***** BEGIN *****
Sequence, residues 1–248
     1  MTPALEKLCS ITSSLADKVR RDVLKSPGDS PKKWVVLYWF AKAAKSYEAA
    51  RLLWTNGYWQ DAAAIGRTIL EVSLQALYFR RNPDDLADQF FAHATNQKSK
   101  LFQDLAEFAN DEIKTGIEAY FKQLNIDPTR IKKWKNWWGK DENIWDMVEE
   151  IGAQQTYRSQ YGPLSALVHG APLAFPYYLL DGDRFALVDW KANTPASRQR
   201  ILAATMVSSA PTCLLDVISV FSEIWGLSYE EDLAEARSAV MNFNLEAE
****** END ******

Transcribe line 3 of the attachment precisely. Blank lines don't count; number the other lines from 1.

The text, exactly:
    51  RLLWTNGYWQ DAAAIGRTIL EVSLQALYFR RNPDDLADQF FAHATNQKSK